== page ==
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Solute permeability measurements of rat AQP9 or rat AQP4 in oocytes. X. laevis oocytes were injected with 5 ng of rat AQP9 cRNA, 5 ng of rat AQP4 (M23) cRNA, 2.5 ng of AQP4 plus 2.5 ng of AQP9 cRNA, or 50 nl of water and cultured for 3 days. (A) Osmotic water permeability (Pf) was assayed by transferring oocytes from 200 to 70 mosM Barth's solution, and swelling was monitored by videomicroscopy. Solute permeability was assayed by placing oocytes in isotonic solution containing 100 mM indicated solute. The concentration gradient caused solute influx resulting in water influx and oocyte swelling. Data are mean ± SD from six oocytes. (B) Uptake of 14C-labeled solute was measured over 90 s at room temperature. Values represent mean ± SD from 6–10 oocytes.
Purification of rat AQP9 protein and measurement of solute transport in AQP9 proteoliposomes. (A) Coomassie-stained SDS/polyacrylamide gel (Left) and anti-AQP9 immunoblot (Right) of purified AQP9 protein. (B) Permeability of AQP9 proteoliposomes (reconstituted from pure E. coli lipids and purified AQP9 protein) or control liposomes (reconstituted with no protein) were evaluated for permeability for glycerol, urea, DL-β-hydroxybutyrate, or water. For solute transport measurement, proteoliposomes or liposomes containing the indicated solute were rapidly mixed with an equal volume of isotonic solution containing sucrose as a nonpermeant osmolyte. The concentration gradient caused solute efflux resulting in osmotically driven water efflux and vesicle shrinkage measured by light scattering. To measure inhibition of solute transport, proteoliposomes were incubated with 1 mM HgCl2 at least 15 min before measuring light scattering. For water transport measurement, AQP9 proteoliposomes, AQP4 proteoliposomes, and control liposomes were subjected to an abrupt 50% increase in extravesicular osmolality resulting in water efflux, and shrinking was measured by light scattering. The kinetics of 10 measurements were normalized and fitted to a characteristic first- or second-order exponential equation dependent on the time course of water efflux.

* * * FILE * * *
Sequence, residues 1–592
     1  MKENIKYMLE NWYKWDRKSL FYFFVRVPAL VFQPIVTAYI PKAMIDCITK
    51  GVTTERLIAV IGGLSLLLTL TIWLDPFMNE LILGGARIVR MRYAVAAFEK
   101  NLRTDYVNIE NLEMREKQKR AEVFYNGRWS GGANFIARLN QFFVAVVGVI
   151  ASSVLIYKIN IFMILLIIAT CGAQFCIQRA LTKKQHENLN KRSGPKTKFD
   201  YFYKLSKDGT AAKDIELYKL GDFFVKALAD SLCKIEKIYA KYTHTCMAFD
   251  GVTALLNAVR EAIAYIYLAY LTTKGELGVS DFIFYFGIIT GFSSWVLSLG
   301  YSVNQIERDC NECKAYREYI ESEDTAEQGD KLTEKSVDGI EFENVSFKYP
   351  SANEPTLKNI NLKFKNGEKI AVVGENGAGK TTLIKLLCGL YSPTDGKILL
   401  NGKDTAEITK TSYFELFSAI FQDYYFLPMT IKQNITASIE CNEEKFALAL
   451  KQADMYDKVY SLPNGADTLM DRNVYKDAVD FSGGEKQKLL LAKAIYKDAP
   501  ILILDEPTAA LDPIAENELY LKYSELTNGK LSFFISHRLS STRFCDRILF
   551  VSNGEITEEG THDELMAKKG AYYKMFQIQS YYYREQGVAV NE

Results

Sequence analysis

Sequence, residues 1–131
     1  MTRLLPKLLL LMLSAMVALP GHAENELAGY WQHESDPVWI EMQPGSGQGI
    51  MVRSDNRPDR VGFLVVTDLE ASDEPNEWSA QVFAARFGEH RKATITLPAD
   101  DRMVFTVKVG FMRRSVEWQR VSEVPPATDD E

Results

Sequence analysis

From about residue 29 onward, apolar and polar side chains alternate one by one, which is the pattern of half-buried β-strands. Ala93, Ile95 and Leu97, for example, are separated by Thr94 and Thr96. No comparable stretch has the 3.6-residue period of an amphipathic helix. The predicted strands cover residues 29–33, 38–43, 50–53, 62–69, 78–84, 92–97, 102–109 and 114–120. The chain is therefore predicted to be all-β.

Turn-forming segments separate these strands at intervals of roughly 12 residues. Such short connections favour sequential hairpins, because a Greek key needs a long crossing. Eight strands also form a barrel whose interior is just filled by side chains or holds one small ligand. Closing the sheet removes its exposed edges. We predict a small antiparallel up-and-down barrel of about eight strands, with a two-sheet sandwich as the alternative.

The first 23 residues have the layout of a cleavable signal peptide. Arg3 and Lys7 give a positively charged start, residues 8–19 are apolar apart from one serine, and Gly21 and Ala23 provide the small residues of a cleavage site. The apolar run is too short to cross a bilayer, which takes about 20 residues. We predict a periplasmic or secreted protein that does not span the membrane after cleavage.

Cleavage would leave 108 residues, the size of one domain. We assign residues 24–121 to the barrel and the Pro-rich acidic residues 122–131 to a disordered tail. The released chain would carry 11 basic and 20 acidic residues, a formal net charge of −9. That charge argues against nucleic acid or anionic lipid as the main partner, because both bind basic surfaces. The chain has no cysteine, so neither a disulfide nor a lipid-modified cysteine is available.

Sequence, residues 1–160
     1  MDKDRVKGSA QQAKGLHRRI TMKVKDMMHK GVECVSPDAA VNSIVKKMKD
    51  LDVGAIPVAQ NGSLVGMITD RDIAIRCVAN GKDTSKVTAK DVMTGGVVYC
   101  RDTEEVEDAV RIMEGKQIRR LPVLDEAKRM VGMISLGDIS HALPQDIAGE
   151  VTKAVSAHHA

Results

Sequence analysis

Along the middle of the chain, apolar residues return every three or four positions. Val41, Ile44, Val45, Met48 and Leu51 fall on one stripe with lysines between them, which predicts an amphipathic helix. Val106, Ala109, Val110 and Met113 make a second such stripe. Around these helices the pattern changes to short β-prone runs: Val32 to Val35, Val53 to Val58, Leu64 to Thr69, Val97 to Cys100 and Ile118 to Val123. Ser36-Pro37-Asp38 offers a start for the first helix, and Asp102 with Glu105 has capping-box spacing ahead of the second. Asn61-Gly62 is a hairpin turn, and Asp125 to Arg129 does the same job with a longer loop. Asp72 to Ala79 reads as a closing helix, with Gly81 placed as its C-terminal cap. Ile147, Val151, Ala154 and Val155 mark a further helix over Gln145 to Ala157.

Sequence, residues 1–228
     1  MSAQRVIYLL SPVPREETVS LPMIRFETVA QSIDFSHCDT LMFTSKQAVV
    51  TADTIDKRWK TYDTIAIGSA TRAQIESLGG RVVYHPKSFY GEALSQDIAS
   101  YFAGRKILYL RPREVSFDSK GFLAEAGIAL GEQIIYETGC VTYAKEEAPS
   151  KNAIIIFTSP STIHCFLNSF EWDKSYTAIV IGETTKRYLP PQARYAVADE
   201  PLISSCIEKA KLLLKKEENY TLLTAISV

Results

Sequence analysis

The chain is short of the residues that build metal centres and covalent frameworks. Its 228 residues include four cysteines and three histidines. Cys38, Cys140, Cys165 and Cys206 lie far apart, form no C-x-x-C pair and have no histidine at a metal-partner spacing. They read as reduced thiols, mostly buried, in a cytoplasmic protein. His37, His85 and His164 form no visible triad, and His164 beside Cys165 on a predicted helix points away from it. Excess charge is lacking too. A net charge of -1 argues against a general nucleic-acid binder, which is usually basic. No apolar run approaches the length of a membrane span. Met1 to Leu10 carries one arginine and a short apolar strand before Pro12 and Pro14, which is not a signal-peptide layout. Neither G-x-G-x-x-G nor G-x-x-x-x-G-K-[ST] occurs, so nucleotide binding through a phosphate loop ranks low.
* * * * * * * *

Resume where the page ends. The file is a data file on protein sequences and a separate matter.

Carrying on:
Effect of fasting and refeeding on AQP9 levels in liver. (A Upper) Anti-AQP9 immunoblot of liver membranes from three rats after the indicated time of fasting. (A Lower) Scanning densities of anti-AQP9 immunoblot. (B) Average serum levels of glucose, urea, and β-hydroxybutyrate from the same rats. (C) After 96 h of fasting, rats were allowed access to food. (Upper) Anti-AQP9 immunoblot of liver membranes from three rats after indicated time of refeeding. (Lower) Scanning densities of anti-AQP9 immunoblot. Values represent mean ± SD from three rats.
Effect of insulin on AQP9 levels in liver. (A) Insulin injection. (Top) Anti-AQP9 immunoblot of liver membranes from three rats killed 24 h after injection of buffer or 5 units/kg regular insulin, as indicated. (Middle) Scanning densities of anti-AQP9 immunoblot. (Bottom) Average blood levels of glucose at death. (B) Streptozotocin pretreatment followed by insulin injection. (Top) Anti-AQP9 immunoblot of liver membranes from three rats killed 9 days after injection of buffer (control), 100 mg/kg streptozotocin (STZ), or streptozotocin followed by 4 days of bidaily injections of 13 units/kg NPH insulin (STZ + ins). (Middle) Scanning densities of anti-AQP9 immunoblot. (Bottom) Average blood levels of glucose at death. Values represent mean ± SD from three rats.
Confocal laser immunofluorescence microscopy of AQP9 in rat liver. (A) Distinct AQP9 immunolabeling is seen associated with hepatocytes in liver from control rat. (B) Increased AQP9 immunolabeling associated with hepatocytes close to central vein in liver from rat after 4 days of fasting or (C) 9 days after streptozotocin injection. CV, central vein. Arrowheads show sinusoidal surface. Bars indicate 40 μm.
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